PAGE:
Sofiivka Park [Sofijivka]. A dendrological park in Uman, Cherkasy oblast. The park was built by L. Metzel for the Polish count Stanisław Szczęsny Potocki, the voivode of Rus’ voivodeship in 1782–8, who named it after his second wife. It is situated on a picturesque site featuring many ravines and gullies that straddle both sides of the Kamianka River along the outskirts of the city. The construction began in 1796, and by the summer of 1800 the park was ready for public viewing, although work continued on it until 1805. Sofiivka included extensive landscaping to create or enhance grottoes, rock faces, waterfalls, and a system of waterways and lakes. Footbridges, sluice-gates, fountains, sculptures, and buildings were erected throughout the site. As well, a large number of trees—silver spruce, poplar, white pine—were planted in what had previously been a barren area to create the Dubnyk, Hrybok, and Zvirynets forests within the complex.
After Potocki died in 1805, possession of the property passed to his brother, who took no interest in its development or maintenance. In 1831, following the Polish Insurrection of 1830–1, the estate and its park were confiscated, and given by the Russian tsar Nicholas I to his wife. The site then became commonly known as the Empress's Park (Tsarytsyn sad) until 1859, when it was turned into a school for orchard growing. At that time a host of new architectural features were added. In 1899 the park was put under the administration of V. Pashkevych, who introduced foreign tree varieties and developed the site as an arboretum. The park was declared a state nature preserve in 1929, and its historic name was restored in 1946. In 1955 Sofiivka was put under the jurisdiction of the Academy of Sciences of the Ukrainian SSR (now NANU). It houses nearly 500 local and imported varieties of trees and shrubs and is an important center of the Central Republican Botanical Garden of the National Academy of Sciences of Ukraine for introduction and acclimatization research.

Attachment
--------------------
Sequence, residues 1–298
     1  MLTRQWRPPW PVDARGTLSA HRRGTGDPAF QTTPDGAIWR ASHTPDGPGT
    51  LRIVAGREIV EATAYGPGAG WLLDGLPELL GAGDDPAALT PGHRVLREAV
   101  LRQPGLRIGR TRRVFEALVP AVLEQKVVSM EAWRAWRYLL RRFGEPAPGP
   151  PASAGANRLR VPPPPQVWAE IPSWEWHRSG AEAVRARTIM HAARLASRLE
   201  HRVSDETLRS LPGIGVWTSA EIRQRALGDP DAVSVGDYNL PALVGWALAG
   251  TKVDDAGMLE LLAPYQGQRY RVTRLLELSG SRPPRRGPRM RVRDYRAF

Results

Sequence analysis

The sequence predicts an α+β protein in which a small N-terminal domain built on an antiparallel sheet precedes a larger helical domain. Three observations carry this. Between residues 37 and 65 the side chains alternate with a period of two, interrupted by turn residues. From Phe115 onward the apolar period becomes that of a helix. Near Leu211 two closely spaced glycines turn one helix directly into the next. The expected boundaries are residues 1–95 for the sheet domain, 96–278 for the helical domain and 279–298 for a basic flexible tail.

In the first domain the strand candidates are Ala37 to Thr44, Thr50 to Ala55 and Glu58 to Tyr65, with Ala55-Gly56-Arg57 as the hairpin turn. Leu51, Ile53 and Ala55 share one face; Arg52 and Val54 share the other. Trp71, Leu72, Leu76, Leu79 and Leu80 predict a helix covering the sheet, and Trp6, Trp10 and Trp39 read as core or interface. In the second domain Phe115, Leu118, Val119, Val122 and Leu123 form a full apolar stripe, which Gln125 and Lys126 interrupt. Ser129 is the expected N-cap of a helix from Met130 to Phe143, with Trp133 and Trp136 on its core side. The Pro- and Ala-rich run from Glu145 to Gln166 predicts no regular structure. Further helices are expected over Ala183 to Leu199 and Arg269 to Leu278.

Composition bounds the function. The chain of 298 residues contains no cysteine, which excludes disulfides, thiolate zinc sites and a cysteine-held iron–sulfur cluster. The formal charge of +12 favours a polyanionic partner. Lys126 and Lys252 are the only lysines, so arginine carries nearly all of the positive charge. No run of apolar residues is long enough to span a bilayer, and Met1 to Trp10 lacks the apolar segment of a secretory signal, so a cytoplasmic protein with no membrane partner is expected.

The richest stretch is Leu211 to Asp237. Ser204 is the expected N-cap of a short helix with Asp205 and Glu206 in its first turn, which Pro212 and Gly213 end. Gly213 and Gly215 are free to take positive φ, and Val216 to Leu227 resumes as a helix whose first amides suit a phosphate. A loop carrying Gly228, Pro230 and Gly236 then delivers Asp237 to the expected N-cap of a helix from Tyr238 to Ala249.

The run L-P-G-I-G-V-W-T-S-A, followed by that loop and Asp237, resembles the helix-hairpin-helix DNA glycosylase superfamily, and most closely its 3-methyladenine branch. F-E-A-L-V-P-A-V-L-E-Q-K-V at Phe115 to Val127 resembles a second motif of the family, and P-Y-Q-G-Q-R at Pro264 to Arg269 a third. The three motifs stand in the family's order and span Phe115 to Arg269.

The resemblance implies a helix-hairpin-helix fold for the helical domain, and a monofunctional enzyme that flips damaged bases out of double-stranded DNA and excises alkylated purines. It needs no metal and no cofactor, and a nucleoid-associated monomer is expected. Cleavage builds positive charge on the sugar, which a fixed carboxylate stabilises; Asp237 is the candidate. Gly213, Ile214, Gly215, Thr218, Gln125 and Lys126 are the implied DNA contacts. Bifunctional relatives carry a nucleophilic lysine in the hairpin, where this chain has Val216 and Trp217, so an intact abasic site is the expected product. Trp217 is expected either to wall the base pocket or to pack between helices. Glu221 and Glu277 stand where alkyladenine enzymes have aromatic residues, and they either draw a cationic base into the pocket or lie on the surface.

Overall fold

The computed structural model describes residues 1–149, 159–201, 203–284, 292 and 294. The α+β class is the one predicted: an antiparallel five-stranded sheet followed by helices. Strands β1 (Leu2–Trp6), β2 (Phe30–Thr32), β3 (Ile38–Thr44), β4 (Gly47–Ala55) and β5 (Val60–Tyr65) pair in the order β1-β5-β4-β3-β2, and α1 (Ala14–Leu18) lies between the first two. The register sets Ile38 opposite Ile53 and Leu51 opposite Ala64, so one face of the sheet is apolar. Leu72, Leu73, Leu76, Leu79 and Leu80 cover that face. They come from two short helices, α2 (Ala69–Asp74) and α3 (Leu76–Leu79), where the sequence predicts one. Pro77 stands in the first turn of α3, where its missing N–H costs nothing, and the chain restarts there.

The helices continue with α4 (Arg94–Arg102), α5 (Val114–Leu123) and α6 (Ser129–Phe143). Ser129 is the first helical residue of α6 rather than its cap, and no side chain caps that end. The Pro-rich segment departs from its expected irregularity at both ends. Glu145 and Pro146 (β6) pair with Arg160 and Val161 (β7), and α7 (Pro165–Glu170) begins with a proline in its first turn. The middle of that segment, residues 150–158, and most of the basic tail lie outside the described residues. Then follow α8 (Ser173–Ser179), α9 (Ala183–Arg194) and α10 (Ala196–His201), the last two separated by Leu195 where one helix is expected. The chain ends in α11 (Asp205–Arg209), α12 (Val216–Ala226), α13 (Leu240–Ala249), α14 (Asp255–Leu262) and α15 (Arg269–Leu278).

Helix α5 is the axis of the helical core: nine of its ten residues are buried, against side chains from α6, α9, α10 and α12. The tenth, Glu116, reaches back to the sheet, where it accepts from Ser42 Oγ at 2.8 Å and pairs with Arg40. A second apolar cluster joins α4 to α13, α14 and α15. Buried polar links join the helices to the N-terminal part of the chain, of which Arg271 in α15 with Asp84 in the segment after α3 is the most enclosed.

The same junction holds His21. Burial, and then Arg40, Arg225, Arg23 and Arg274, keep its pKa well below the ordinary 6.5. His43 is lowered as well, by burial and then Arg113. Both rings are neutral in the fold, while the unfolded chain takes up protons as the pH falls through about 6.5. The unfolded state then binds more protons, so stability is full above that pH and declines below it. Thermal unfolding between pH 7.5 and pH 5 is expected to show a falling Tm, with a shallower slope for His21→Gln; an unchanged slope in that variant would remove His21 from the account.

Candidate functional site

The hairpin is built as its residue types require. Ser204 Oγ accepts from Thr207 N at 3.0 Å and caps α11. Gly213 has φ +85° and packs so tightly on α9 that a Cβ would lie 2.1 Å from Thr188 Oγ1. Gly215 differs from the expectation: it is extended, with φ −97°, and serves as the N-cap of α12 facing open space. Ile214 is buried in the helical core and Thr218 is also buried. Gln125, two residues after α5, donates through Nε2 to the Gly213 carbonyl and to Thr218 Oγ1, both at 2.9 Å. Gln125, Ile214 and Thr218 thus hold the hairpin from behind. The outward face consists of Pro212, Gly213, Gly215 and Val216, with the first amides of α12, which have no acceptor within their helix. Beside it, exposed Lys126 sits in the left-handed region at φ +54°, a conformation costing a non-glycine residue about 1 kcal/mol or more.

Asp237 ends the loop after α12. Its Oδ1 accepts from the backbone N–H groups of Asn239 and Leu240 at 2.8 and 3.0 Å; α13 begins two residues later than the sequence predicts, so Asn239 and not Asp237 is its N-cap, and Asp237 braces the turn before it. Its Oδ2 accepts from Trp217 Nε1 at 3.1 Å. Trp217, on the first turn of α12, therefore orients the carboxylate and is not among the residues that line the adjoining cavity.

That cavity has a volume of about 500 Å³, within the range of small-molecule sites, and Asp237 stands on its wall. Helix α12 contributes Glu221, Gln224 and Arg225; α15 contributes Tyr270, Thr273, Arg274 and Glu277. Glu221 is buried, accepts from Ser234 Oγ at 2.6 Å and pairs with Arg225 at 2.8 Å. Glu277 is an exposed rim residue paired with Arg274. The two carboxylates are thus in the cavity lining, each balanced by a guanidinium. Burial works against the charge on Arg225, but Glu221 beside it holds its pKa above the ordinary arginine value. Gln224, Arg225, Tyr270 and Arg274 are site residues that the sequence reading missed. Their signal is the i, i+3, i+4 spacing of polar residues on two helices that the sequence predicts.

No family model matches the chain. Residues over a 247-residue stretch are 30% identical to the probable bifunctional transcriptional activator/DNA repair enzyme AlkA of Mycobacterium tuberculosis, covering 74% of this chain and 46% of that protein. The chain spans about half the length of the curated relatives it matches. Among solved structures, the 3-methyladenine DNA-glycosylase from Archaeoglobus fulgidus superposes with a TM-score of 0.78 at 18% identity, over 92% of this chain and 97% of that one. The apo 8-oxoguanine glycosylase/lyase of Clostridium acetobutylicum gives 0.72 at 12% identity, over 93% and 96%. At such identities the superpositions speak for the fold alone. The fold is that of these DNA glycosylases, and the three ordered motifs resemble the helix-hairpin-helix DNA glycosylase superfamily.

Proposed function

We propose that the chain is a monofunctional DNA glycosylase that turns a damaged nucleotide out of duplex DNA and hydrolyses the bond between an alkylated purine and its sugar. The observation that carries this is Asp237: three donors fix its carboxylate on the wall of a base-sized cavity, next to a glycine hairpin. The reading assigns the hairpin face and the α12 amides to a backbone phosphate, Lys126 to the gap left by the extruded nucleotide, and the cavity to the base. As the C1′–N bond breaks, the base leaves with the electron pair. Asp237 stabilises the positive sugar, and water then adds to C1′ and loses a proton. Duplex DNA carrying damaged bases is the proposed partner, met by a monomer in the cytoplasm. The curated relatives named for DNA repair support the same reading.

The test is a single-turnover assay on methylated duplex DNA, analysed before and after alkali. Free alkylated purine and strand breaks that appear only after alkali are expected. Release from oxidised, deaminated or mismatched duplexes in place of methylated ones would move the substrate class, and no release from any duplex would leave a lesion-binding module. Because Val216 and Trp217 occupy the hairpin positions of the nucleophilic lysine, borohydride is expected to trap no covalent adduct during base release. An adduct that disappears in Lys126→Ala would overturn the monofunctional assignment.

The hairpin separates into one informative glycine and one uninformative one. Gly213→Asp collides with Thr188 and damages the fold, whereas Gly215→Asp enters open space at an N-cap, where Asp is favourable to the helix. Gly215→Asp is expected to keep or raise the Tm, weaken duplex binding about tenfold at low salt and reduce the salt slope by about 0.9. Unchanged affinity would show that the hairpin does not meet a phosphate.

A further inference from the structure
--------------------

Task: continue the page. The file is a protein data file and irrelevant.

[This article originally appeared in the Encyclopedia of Ukraine, vol. 4 (1993).]